The J. Clyde, a popular restaurant in the lively Southside district of Birmingham, closed its doors in early June after a judge ruled it was in contempt of court after operating without workers’ compensation insurance for its employees. A sign on the door, issued by Jefferson County Sheriff Mark Pettway, reads “Business closed by order of Circuit Court of Jefferson County for failure to provide workers compensation.”
This closure marks the culmination of months of legal wrangling. In August 2018, the Alabama Department of Labor alleged that The J. Clyde had failed to carry workers’ compensation for its employees “on numerous occasions.” According to state law, any business which employees five or more people must show proof that they can either self-insure their workers’ compensation liabilities. If they cannot, they must obtain workers’ compensation insurance for their employees.
The restaurant did not respond to the Department of Labor’s lawsuit, and so, in November, Jefferson County Civil Circuit Judge Carole Smitherman ordered that the business proffer proof of appropriate insurance coverage within ten days. The restaurant was to remain closed until this had occurred, she said. The Civil Circuit Judge also issued a $1,000 fine on The J. Clyde and ordered that a fine of $100 per day would be levied for each additional day beyond the first ten that the restaurant did not have coverage for its employees.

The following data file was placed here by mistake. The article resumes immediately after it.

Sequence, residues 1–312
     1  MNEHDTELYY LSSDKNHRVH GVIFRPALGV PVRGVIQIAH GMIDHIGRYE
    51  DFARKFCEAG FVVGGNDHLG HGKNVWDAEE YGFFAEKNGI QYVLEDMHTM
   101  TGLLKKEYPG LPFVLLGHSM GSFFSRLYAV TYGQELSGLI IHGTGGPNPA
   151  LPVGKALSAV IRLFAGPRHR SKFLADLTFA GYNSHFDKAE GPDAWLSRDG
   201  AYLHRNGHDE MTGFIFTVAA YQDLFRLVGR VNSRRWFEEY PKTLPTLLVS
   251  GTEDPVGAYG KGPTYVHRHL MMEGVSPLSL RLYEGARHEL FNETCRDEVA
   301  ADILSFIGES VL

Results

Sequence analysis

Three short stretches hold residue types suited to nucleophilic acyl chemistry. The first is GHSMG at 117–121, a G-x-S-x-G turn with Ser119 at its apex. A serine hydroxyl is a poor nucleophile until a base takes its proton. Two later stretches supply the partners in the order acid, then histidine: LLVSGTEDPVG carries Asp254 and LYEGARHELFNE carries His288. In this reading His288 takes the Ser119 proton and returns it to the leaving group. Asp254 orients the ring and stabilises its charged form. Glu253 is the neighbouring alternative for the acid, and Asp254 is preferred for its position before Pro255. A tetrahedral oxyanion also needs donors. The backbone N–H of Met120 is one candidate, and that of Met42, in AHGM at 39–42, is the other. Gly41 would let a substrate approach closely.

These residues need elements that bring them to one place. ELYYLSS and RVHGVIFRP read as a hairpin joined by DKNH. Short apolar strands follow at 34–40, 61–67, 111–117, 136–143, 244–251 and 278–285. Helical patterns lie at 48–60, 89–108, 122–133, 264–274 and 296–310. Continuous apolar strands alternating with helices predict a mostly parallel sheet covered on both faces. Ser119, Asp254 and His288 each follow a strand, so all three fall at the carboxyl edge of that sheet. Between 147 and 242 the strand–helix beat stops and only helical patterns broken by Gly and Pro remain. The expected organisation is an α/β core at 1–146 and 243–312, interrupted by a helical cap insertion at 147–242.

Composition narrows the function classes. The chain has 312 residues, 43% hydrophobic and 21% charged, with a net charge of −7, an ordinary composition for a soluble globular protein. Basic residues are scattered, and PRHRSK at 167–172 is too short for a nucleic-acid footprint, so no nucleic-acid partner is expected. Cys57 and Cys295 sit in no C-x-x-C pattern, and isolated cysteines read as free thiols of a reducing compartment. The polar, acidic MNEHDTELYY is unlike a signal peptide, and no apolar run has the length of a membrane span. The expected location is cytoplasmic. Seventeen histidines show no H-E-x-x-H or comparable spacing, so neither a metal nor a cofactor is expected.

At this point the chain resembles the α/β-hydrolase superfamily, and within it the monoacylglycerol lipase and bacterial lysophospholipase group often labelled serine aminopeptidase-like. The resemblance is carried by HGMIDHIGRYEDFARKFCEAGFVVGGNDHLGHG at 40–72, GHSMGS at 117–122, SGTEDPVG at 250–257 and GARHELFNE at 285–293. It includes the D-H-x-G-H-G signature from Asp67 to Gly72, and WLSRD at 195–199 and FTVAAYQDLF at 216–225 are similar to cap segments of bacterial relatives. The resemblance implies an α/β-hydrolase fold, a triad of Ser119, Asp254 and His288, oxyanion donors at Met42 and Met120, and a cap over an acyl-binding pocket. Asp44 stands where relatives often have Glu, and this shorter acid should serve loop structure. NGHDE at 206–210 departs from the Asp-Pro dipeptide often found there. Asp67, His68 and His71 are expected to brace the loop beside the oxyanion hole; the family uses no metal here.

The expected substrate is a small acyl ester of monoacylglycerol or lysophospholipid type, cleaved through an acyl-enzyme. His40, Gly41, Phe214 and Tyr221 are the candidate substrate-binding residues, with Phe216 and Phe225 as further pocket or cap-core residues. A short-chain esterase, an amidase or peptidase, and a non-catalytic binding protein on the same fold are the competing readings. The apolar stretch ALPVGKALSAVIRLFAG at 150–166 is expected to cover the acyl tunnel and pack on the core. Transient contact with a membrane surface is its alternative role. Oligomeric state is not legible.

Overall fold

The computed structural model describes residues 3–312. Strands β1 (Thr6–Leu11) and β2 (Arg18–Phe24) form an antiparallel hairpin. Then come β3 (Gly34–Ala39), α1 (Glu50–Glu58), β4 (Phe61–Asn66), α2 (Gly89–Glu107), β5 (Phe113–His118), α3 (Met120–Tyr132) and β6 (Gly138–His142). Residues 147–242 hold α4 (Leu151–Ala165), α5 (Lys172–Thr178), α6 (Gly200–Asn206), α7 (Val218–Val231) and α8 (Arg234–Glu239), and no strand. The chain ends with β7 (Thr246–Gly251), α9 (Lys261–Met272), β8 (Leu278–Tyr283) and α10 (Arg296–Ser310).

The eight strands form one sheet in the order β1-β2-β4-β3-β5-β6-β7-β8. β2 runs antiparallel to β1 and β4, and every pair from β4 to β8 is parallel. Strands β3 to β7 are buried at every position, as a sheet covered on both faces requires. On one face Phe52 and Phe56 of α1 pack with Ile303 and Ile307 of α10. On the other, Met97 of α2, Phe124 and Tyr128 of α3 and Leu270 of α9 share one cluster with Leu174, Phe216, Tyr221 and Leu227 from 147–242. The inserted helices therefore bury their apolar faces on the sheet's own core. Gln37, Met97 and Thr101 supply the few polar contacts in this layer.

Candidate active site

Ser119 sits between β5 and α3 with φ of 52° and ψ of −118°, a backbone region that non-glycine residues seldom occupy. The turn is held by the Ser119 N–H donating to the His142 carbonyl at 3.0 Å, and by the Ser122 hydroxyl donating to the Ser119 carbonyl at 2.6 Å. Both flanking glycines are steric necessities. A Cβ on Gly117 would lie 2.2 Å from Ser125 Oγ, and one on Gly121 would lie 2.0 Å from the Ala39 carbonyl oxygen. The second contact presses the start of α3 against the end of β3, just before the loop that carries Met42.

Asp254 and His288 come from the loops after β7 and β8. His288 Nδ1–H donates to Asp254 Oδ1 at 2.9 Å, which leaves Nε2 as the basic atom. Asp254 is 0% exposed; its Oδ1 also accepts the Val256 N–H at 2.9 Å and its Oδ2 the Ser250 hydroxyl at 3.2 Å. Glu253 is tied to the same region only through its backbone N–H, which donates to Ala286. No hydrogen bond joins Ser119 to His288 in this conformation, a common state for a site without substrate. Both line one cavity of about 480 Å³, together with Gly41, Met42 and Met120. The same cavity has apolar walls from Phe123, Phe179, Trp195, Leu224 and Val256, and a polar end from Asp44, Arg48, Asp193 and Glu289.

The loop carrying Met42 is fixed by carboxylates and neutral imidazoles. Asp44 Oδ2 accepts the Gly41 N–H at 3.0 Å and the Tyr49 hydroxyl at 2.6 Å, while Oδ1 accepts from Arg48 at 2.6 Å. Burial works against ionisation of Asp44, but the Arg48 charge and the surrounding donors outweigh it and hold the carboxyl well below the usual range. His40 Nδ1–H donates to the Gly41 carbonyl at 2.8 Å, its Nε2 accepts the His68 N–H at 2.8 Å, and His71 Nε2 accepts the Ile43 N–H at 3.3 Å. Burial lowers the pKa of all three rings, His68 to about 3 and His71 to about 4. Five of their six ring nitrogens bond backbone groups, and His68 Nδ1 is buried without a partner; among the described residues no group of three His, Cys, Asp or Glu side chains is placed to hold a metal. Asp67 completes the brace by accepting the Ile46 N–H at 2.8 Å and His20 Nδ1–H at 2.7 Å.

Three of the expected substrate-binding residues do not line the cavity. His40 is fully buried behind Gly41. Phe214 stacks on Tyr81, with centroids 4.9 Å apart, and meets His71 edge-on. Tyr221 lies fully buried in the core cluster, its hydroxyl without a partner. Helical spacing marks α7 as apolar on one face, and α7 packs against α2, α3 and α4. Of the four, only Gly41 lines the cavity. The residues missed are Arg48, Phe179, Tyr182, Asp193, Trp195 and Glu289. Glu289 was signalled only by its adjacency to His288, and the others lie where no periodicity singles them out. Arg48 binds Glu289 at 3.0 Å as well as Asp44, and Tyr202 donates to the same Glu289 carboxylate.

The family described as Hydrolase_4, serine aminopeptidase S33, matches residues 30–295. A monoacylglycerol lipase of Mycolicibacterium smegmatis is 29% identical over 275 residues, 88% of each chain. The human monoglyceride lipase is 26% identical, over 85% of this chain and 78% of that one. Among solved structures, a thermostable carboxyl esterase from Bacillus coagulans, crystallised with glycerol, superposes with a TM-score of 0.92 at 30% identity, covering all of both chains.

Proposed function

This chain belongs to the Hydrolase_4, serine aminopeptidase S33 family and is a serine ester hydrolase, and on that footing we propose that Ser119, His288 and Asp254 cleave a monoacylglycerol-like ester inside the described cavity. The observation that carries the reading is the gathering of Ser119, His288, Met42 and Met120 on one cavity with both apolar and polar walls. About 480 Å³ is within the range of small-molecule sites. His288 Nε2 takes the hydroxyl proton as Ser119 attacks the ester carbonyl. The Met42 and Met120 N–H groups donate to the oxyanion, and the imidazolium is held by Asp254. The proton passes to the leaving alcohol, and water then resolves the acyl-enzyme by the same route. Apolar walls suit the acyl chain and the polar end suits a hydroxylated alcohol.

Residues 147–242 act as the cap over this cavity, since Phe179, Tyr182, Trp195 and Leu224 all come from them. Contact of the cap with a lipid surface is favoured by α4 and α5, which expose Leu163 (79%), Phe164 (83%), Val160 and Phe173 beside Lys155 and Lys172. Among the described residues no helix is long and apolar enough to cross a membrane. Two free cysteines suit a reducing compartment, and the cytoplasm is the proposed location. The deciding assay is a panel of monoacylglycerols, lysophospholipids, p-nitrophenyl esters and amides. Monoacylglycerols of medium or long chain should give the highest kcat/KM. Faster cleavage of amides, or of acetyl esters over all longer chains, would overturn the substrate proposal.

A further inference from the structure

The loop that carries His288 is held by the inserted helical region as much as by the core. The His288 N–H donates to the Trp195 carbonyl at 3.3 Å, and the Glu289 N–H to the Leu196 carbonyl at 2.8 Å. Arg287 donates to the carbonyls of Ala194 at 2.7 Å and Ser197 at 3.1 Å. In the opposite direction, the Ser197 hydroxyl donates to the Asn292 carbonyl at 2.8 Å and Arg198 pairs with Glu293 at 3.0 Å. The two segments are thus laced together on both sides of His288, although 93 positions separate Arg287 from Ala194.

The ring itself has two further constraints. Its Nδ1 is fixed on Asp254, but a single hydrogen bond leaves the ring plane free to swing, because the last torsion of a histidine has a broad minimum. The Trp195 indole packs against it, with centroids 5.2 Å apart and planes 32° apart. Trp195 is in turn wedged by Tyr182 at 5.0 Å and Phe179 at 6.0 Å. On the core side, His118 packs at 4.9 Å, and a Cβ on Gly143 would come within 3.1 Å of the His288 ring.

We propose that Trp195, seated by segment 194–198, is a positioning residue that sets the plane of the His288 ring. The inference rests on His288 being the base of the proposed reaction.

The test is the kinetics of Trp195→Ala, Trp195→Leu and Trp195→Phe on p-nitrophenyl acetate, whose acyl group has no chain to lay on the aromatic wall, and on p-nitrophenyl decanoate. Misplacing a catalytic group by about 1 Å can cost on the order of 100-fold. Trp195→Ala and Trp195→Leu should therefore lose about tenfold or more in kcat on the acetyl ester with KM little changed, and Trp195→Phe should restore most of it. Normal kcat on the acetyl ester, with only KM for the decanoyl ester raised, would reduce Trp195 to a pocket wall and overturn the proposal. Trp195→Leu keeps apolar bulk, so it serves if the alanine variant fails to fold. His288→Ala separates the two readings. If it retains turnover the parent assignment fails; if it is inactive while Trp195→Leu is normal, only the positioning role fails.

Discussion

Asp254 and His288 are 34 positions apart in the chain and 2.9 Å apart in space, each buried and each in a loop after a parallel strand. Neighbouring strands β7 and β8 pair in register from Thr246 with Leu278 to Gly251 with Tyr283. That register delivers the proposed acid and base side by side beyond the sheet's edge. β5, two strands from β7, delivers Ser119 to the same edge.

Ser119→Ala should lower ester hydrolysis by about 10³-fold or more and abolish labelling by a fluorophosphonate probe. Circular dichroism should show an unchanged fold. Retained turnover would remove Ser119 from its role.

The owners of The J. Clyde did not respond, and the restaurant continued to operate. In January, the state requested that the restaurant be held in contempt of court and recommended “shutting down and padlocking” the business until they had paid all fines and had workers’ compensation coverage.
In April, the Civil Circuit Judge issued an order which said that The J. Clyde would have to close. Additionally, the business was held in contempt of court. The J. Clyde owes $14,600 in fines according to court documents.
When asked for comment, attorneys with the Department of Labor would only confirm that The J. Clyde has not yet given them any proof of workers’ compensation coverage and that, as a result, the restaurant would remain closed for business. The owners of The J. Clyde have not returned calls requesting comments on the case. This is in line with The J. Clyde’s approach since last summer. The restaurant has not responded to the Department of Justice’s original lawsuit, to any court documents, nor to any orders issued by the court. There are no known attorneys for the business.
Currently, the door to the restaurant has been padlocked shut, and caution tape has been secured to the door frame. In addition to the County Sheriff’s message, a second message from The J. Clyde’s owners is visible: “The J. Clyde is temporarily closed,” it reads. “We are currently addressing the issue and will be reopening as soon as possible. We apologize for any inconvenience.”
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